Posted on March 7, 2013June 21, 2017Click to share on Facebook (Opens in new window)Click to share on Twitter (Opens in new window)Click to share on LinkedIn (Opens in new window)Click to share on Reddit (Opens in new window)Click to email this to a friend (Opens in new window)Click to print (Opens in new window)The following guest posts provide snapshots of the work of three recipients of Bill & Melinda Gates Foundation grants for work on innovative WASH and gender interventions in India.By Akhila Sivadas,Project Director, Center for Advocacy and Research, New Delhi: Rajasthani camp, a cluster of 600 households in South Delhi, is one of the 27 settlements where the Center for Advocacy and Research is facilitating the formation of Women’s’ Forums, which enable the community to collectively negotiate with the municipality for better sanitation services. Like all other settlements we have worked in, the women of Rajasthani Camp were frustrated with broken toilets, clogged drains, and garbage heaps in their community. The Women’s Forum launched a multi-pronged initiative this past fall. Armed with the community-specific disease data that emerged from a health conversation we convened, the Forum raised their concerns with a local leader who pressured authorities to fix the situation. Their persistence and determination has already paid off: toilet renovations are currently underway.By Sampath Kumor,Project Director, Rajiv Gandhi Charitable Trust, The Self Help Groups of Rajiv Gandhi Charitable Trust provide potent platforms to discuss and disseminate the objectives of the WASH and gender project. Women from socially and economically marginalized groups have now found a forum to discuss subjects that have always been disapproved and stigmatized. For communities with little choice but to defecate in the open, the process of identification of the risk and vulnerability of the same (particularly for adolescent girls) is a step closer towards the aim. In addition, targeted Self Help Groups for young women are utilizing peer-to-peer discussions to address menstrual hygiene management. The march is on!By Kathleen O’Reilly, Texas A&M University: In our research on successful sanitation habits in rural West Bengal and Himachal Pradesh, we have learned that using a toilet is so commonplace for mothers with young children that they often do not recognize the advantages gained by having a toilet. Despite casual replies to questions about the convenience of a household toilet, observation of mothers’ daily routines reveals that they take advantage of the toilet’s proximity by leaving children unattended when they use it. We have found that the toilet has become so useful and so habitual that women are no longer conscious of the burden it would be to take children with them for open defecation.For more in the WASH and Women’s Health blog series coordinated by WASH advocates, click here, or visit WASH Advocates.Share this: ShareEmailPrint To learn more, read:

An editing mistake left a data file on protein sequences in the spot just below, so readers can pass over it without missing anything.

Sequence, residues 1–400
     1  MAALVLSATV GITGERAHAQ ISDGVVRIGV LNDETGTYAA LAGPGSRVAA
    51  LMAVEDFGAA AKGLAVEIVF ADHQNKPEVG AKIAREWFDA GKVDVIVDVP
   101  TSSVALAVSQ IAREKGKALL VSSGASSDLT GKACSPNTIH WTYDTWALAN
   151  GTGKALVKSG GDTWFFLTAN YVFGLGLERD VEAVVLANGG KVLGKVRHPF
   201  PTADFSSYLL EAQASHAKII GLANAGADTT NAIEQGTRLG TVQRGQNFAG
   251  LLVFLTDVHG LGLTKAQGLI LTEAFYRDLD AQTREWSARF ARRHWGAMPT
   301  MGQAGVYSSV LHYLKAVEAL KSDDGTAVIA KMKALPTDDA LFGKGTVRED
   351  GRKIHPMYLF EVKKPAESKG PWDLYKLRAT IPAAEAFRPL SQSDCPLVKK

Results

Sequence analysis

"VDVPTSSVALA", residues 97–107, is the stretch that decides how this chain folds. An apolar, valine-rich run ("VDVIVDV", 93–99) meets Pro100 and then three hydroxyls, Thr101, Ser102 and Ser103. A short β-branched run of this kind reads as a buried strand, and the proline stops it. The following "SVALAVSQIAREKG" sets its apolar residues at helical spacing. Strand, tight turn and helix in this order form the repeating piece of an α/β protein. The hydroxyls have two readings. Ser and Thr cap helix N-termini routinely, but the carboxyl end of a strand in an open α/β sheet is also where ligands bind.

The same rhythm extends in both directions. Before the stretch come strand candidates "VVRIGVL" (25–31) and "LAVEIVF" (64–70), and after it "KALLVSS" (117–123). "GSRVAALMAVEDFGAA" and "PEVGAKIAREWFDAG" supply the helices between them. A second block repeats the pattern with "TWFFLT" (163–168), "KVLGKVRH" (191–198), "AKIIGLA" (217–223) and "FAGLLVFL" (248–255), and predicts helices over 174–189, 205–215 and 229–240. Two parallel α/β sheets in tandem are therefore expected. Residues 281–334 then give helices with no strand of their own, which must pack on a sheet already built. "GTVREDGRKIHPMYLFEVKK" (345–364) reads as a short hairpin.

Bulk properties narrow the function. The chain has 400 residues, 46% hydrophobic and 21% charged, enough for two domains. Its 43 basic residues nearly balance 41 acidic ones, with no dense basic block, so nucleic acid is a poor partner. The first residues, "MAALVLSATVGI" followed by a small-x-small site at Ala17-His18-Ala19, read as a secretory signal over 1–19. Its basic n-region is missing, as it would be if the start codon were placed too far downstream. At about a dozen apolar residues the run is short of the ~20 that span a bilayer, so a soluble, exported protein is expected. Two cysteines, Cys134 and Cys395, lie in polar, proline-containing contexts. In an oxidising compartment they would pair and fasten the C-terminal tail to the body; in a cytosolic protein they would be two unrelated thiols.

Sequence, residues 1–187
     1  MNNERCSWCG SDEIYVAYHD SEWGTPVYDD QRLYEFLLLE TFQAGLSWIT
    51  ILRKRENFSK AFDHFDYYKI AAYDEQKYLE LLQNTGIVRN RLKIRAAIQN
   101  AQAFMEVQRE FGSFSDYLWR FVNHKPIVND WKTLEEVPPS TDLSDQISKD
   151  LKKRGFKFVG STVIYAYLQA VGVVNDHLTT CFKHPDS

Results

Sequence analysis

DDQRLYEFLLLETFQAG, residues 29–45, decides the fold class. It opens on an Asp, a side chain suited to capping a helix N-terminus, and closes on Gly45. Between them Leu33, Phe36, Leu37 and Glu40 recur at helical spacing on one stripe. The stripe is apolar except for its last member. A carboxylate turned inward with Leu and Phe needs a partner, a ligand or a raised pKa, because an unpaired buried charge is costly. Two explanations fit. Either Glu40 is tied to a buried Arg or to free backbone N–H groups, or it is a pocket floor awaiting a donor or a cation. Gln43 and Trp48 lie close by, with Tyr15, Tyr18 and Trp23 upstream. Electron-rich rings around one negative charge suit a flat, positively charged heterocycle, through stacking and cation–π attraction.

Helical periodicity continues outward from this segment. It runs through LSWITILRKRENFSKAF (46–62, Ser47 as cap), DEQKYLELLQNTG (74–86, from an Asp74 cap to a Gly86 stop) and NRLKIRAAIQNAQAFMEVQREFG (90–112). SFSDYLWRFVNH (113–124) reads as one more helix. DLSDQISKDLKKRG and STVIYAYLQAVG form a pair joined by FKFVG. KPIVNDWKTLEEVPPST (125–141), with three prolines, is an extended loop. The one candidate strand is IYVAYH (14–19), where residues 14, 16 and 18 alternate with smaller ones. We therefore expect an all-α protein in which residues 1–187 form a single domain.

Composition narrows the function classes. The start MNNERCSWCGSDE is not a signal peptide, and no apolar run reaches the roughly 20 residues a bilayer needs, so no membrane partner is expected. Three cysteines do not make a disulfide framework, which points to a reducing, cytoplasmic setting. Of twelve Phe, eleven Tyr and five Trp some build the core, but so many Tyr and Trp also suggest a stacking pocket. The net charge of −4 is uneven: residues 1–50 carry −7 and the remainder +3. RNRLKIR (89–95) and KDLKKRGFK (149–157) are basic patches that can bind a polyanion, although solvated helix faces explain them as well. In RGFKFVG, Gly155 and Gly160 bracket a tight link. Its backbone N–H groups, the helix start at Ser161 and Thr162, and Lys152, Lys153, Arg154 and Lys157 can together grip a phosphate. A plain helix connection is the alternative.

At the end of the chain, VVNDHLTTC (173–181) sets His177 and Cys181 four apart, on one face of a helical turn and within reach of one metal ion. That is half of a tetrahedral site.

ShareEmailPrint To learn more, read: Posted on October 14, 2013June 12, 2017By: Allison Ettenger, Program Manager, Jacaranda HealthClick to share on Facebook (Opens in new window)Click to share on Twitter (Opens in new window)Click to share on LinkedIn (Opens in new window)Click to share on Reddit (Opens in new window)Click to email this to a friend (Opens in new window)Click to print (Opens in new window)Cross-posted from the Jacaranda Health blogJoyce*, a healthy mother, glows as she admires her new baby. Her husband collects her belongings as she prepares to leave Jacaranda Maternity, and she hugs the community health worker who provided her discharge education: “See you in a few days,” she says. Most health care providers in Kenya – or across the developing world –would schedule a new mother’s six week postnatal visit, hope she returns for it, and call it a day. Jacaranda thinks otherwise.In the past decade there have been significant resources invested in pre-natal healthcare in resource-poor settings: expectant women are encouraged to attend four antenatal care visits, receive nutrition training, and are linked to malaria and HIV treatment. However, we have all too often ignored the most vulnerable part of the maternity experience: The postnatal period. Approximately 75% of neonatal deaths occur in the first week after delivery and in Kenya alone, 31 newborn deaths occur per 1,000 live births.It’s not as if the evidence for how to close this gap is lacking: Research from countries like Bangladesh, Ghana, Nepal and Malawi has shown that community-based early postpartum care in the first week after delivery has great potential to increase newborn survival and reduce death. Contact with trained health workers can improve early initiation of breastfeeding, thermal care, infection prevention and clean umbilical cord care – all practices that can save newborns’ lives. However, there are still too many babies dying in the few days after birth, and new mothers often find it difficult – if not impossible – to recognize danger signs when she takes her new baby home. If we can get hands-on education and care to women in the critical first few days after delivery, we can cut down on delays in seeking care and reduce the risk of newborn death.To continue reading, visit Jacaranda Health. Share this: